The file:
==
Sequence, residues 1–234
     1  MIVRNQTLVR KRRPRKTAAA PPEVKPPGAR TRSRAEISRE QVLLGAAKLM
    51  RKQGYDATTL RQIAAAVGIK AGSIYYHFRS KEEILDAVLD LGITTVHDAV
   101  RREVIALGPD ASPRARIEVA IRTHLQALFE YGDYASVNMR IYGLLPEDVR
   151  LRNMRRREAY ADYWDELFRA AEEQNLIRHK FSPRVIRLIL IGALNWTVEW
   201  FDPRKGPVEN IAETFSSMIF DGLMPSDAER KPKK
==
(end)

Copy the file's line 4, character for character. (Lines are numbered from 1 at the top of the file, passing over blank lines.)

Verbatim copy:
   101  RREVIALGPD ASPRARIEVA IRTHLQALFE YGDYASVNMR IYGLLPEDVR